(9/1: 250 Republicans/185 Democrats (+ 71 Republican, “Watch list” of 28 Democrats/2 Republicans)
(8/26: 253 Republicans/182 Democrats (+ 74 Republican, “Watch list” of 25 Democrats/2 Republicans)
(8/19: 254 Republicans/181 Democrats (+ 75 Republican, “Watch list” of 24 Democrats/1 Republican)
One of the things we have repeatedly noted in our discussions of the “Obama plunge” and its effect on the fall elections is that actual poll results (and in the case of Washington state, “open primary” election results) take precedence over the theoretical criteria used to determine whether a seat is vulnerable. This past week, we have seen polls released for 19 House races. Though the numbers above would seem to signify a continued Democratic renaissance, the truth is actually the opposite. What we saw was the following:
(1) In 12 of the 19 House races, polling data confirmed our belief as to who was safe, on the “watch list”, or vulnerable;
(2) Two formerly safe Democrats (4 year incumbent Joe Donnelly of Indiana and 10 year incumbent Mike Ross of Arkansas) are now on the “watch list.” While Mike Ross’ district voted 60% for McCain, Obama actually carried Donnelly’s district with 54% With the exception of “cap and trade”, Rep. Donnelly has supported the Democratic leadership, while Mike Ross has been more independent in his voting record;
(3) Three freshman Democrats have been moved from “vulnerable” to “watch list”: Alan Grayson of Florida, and New Mexico Democrats Harry Teague and Martin Heinrich. While McCain narrowly carried Teague’s district, Obama got 52% in Grayson’s district, and 60% in Heinrich’s district;
(4) Two Democrats (Russ Carnahan of Missouri and Heath Shuler of North Carolina) have seen their numbers rise above 50% in recent polls and thus have been moved off the “watch list” for now.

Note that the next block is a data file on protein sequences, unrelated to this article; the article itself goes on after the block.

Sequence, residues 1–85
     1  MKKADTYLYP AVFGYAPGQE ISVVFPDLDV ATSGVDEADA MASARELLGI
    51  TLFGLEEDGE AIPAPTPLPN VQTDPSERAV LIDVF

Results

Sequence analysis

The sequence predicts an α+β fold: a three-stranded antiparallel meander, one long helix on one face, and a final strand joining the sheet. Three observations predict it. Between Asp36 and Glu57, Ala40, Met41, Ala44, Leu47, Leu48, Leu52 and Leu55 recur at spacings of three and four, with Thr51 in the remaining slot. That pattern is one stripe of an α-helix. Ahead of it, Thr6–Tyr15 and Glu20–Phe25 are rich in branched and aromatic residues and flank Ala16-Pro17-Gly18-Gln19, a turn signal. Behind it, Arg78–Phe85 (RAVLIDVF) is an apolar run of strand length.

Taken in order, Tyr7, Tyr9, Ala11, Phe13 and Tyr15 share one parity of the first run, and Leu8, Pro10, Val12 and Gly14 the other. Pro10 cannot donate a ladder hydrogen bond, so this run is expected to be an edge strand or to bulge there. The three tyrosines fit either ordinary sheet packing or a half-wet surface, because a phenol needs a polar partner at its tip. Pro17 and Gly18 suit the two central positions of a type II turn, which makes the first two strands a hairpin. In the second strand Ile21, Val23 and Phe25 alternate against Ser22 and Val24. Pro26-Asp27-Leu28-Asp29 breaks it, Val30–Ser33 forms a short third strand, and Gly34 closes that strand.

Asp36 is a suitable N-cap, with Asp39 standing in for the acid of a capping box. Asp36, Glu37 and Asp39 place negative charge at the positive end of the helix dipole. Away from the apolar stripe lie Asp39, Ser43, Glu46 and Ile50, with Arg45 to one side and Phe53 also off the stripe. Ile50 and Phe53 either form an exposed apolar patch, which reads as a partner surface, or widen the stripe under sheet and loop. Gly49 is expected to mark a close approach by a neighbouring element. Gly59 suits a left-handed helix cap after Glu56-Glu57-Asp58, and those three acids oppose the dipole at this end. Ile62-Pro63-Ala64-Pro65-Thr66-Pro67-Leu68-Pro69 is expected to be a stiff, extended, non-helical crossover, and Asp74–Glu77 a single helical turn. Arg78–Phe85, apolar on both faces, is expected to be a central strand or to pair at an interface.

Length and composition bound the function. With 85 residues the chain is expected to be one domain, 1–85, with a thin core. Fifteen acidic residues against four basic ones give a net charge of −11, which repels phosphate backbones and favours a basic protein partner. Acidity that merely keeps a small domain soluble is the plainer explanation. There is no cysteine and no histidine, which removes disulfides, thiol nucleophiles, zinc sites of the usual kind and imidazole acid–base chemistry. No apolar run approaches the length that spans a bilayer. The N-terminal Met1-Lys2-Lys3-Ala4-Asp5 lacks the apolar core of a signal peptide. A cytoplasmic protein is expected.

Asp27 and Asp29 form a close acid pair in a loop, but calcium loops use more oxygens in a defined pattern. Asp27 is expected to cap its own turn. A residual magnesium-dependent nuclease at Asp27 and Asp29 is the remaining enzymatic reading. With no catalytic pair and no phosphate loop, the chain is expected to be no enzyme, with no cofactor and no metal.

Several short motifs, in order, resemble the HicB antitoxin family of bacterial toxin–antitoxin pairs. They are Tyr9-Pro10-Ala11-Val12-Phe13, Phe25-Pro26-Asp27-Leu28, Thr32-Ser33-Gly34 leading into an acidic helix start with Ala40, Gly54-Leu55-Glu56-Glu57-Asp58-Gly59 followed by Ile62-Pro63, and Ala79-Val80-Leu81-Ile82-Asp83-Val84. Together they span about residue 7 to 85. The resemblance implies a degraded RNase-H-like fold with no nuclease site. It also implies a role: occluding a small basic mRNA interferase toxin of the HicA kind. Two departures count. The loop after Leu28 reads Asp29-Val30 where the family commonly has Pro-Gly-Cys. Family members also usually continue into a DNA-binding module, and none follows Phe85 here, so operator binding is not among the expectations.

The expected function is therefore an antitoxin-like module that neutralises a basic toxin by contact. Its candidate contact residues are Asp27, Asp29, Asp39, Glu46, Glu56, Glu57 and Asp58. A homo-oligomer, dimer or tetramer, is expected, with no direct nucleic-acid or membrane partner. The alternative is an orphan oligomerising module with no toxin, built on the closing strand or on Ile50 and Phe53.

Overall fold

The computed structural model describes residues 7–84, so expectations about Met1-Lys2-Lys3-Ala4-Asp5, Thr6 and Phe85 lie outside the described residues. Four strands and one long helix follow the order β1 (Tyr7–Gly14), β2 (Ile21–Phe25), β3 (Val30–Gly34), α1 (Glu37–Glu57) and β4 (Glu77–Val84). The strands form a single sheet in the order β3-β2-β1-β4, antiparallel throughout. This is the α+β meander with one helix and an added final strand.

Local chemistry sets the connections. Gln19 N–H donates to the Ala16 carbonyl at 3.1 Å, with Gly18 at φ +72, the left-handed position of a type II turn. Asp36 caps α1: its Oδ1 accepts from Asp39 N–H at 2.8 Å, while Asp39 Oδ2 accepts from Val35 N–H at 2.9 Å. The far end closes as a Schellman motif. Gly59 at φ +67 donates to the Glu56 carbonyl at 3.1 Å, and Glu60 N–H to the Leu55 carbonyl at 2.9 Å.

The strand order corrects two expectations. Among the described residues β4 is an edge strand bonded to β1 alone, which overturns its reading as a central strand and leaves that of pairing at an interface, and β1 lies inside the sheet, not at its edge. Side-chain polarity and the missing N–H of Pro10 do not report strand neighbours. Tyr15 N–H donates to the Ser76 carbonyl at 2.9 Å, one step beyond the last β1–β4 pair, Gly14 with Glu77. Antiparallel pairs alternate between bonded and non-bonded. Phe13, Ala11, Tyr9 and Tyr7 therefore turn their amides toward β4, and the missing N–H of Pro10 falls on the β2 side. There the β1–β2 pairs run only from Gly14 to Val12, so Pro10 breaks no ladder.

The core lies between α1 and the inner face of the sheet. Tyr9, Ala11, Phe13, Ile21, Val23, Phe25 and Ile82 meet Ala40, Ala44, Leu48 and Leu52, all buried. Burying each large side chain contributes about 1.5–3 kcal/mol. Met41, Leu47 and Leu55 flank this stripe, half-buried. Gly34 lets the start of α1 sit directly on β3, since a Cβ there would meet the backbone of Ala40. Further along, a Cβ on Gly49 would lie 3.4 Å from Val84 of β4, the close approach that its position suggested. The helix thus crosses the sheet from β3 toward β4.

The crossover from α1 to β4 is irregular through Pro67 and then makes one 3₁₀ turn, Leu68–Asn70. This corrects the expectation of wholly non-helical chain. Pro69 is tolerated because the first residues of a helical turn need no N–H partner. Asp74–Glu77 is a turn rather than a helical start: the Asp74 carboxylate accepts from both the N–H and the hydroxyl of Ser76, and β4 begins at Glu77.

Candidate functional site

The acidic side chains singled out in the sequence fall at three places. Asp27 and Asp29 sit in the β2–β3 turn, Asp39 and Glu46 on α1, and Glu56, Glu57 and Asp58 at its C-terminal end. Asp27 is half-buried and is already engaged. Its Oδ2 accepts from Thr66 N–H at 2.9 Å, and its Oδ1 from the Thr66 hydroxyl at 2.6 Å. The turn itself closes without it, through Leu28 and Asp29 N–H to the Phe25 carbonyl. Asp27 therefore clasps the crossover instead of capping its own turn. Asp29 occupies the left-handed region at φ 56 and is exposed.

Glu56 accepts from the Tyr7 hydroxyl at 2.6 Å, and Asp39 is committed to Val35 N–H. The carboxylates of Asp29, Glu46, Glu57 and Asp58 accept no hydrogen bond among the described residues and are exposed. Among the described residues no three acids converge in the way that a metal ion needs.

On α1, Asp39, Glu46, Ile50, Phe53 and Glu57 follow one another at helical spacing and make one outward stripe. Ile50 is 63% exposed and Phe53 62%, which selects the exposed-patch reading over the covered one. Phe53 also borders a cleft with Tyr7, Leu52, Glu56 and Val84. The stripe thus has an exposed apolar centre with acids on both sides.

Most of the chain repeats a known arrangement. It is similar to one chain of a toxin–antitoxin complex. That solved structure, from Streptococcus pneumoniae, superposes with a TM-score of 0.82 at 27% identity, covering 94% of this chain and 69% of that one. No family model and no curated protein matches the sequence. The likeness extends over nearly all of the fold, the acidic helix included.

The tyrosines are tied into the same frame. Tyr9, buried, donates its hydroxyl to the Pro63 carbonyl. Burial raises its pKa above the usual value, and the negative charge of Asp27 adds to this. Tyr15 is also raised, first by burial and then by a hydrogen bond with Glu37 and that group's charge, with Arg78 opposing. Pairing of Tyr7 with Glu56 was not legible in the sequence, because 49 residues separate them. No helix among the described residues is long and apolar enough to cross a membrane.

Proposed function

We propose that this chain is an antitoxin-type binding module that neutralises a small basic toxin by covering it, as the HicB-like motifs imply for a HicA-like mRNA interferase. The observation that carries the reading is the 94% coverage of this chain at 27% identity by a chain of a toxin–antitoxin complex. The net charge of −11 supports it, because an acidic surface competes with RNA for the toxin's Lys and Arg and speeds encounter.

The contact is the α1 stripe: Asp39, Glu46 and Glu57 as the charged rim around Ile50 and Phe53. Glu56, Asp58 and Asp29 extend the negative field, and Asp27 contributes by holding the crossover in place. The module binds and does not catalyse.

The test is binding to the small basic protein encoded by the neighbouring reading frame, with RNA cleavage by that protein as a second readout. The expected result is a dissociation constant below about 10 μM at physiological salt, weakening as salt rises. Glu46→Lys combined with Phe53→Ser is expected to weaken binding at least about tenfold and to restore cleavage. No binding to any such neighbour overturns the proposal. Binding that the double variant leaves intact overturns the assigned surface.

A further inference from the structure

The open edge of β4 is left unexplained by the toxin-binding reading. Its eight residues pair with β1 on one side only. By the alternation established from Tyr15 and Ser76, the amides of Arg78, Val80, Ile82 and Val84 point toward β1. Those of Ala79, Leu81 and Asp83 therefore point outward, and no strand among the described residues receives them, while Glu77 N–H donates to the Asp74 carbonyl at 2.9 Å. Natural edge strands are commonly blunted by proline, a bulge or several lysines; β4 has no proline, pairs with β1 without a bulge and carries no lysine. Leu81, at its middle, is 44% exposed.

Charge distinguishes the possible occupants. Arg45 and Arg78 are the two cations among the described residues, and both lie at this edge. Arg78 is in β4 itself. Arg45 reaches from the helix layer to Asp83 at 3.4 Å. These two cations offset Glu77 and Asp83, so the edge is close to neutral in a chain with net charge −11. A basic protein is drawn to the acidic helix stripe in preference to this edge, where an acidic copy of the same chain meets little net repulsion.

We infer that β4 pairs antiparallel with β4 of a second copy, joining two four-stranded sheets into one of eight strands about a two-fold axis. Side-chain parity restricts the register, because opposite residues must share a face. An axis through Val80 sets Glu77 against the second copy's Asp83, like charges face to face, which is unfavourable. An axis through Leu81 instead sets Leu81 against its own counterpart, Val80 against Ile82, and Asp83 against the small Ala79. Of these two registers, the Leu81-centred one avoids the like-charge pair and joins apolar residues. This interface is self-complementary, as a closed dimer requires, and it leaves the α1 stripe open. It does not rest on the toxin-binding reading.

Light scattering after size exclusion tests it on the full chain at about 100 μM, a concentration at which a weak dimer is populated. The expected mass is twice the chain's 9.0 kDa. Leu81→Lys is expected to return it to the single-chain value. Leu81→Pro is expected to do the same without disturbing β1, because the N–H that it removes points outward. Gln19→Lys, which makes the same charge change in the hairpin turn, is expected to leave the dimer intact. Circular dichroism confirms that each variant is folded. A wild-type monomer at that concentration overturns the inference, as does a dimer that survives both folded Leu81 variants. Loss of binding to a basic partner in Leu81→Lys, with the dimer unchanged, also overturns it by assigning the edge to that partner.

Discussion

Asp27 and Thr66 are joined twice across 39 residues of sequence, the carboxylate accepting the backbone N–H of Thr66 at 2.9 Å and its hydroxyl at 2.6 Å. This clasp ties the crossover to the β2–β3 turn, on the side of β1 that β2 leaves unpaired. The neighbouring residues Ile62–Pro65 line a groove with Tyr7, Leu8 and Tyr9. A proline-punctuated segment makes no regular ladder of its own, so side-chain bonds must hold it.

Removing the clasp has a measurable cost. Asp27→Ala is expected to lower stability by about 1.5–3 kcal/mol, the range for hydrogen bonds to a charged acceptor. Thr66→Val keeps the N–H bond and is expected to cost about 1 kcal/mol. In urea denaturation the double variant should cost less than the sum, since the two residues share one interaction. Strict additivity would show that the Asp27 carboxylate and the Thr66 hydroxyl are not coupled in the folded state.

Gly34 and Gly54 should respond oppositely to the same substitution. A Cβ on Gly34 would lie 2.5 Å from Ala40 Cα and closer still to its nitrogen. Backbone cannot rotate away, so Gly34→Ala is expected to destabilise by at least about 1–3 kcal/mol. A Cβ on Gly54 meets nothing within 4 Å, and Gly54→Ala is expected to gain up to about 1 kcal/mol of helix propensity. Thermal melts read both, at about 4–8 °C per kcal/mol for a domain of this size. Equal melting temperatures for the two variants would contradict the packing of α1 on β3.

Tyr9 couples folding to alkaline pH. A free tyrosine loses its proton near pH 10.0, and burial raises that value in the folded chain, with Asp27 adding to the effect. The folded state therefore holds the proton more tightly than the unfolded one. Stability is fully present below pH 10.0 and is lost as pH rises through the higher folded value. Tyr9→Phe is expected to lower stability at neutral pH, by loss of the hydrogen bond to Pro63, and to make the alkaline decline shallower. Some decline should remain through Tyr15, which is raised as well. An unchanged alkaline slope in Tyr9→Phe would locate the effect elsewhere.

A final note on the polls so far: we have cumulatively seen polls done on 34 Democratic held seats where the Democrat is behind in the polls. On average, these districts voted 51% for Obama, which means that these seats are “Ground Zero” for the “Obama plunge.” Similarly, we have seen poll results for an additional 23 Democratic held seats where Democrats lead but with less than 50% – Obama on average got 52% in these districts, and these seats are similarly vulnerable against the “Obama plunge.” These 57 (last week, it was 51) House seats alone can flip the House to Republican control. Additionally, there are 42 more vulnerable/”watch list” Democratic held seats where no polling has been done.
John is a political consultant and blogger with JMC Enterprises with expertise in poll sample development and analysis, development of targeted voter files for phone canvassing or mail outs, campaign strategy and demographic consulting, among other things. See his site at WinWithJMC.com for more information.